DiPasquale noted that many investors have associated February’s drop in equities and crypto markets with a similar decline in March 2020. “While there was a lot of uncertainty, the wrong thing to do then was to sell low; the next two years saw historic rises,” he said. “Hedge funds like ours have a generally optimistic sentiment given the market’s history of rising through uncertainty even after periods of turbulence.”
S&P 500: 4,463 +1.1%
DJIA: 34,754 +0.7%
Nasdaq: 13,893 +2%
Gold: $1,919 -1.2%
Razer’s Efforts to Diversify Into Payments Still Overshadowed by Its Hardware
Razer (RAZFF) used to talk a big game about itself. The Singapore-based manufacturer of gaming PCs and peripherals was once called “the Apple of the gaming world.”
Some lapped it up, but industry analysts snickered as channel data showed the company didn’t really ship many PCs. Its keyboards, mice and other accessories were well received, but the PCs not so much.
Then, after its initial public offering (IPO), Razer became more modest. As part of the IPO it had to list how much it actually sold of its products. The results were underwhelming. While its competitors shipped tens of millions of gaming PCs and notebooks, Razer could barely muster 600,000, according to analysts and others who reviewed its earnings. For some models, the shipments were under 1,000.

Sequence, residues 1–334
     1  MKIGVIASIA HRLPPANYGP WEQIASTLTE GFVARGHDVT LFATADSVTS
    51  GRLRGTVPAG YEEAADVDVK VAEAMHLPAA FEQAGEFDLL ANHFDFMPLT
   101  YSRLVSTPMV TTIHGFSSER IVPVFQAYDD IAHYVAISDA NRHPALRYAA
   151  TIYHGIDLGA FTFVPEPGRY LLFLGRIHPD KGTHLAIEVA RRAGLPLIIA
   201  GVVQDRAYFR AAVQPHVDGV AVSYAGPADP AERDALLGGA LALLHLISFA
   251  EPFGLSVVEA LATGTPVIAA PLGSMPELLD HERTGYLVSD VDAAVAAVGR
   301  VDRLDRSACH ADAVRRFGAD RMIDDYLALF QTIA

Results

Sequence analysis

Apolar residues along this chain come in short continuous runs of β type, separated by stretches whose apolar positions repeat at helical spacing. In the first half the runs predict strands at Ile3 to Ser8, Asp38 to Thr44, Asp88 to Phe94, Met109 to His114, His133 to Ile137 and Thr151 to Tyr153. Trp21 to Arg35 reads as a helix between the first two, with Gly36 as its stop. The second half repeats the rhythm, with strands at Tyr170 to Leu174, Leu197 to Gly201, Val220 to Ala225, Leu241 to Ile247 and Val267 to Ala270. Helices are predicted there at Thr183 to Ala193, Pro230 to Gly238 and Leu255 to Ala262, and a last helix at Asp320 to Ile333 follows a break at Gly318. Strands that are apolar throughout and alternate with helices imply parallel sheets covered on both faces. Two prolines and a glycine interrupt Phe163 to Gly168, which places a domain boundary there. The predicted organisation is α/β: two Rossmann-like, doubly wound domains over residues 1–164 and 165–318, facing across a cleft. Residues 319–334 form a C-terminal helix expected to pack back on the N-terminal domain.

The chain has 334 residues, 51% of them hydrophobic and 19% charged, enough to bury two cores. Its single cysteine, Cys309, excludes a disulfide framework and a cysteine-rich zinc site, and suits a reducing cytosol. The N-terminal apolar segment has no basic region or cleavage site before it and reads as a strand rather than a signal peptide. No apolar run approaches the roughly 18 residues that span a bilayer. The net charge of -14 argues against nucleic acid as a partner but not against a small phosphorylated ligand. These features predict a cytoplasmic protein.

Razer’s bark was louder than its bite.
As a listed company it was harder to throw around monikers like “Apple of the Gaming World,” so Razer needed to pivot. In 2020, its CEO, Min-Liang Tan, said that Razer was a “lifestyle brand” and the company put a larger emphasis on alternatives to selling PCs.
The company settled on payments and fintech to diversify, applying for one of Singapore’s coveted digital banking licenses. But regulators in Singapore declined Razer’s application, limiting it to payments, a cut-throat industry with thin margins. Of course, Razer could apply for a license somewhere other than Singapore, such as Malaysia, but so far it hasn’t made a move.
In late 2021, Razer decided to shutter its Razer Pay wallet service because it couldn’t carve out a meaningful niche in Southeast Asia’s crowded payments marketplace, dominated by super app Grab.
Razer still has a foot in the payments game, but its most recent earnings show that its efforts to move the company away from hardware and peripherals has stalled. At the end of the last fiscal year software and services contributed 10.6% to the company’s revenue. While the division’s raw revenue is up, overall it actually accounts for less, coming in at 10%.
Total payment volume for Razer Gold, its virtual credits service used to monetize games, is up 56% year on year as the coronavirus pandemic continues to keep people inside and gaming. Razer’s fintech arm, which provides merchant services, hit $7 billion in revenue for 2021, up 63.5%.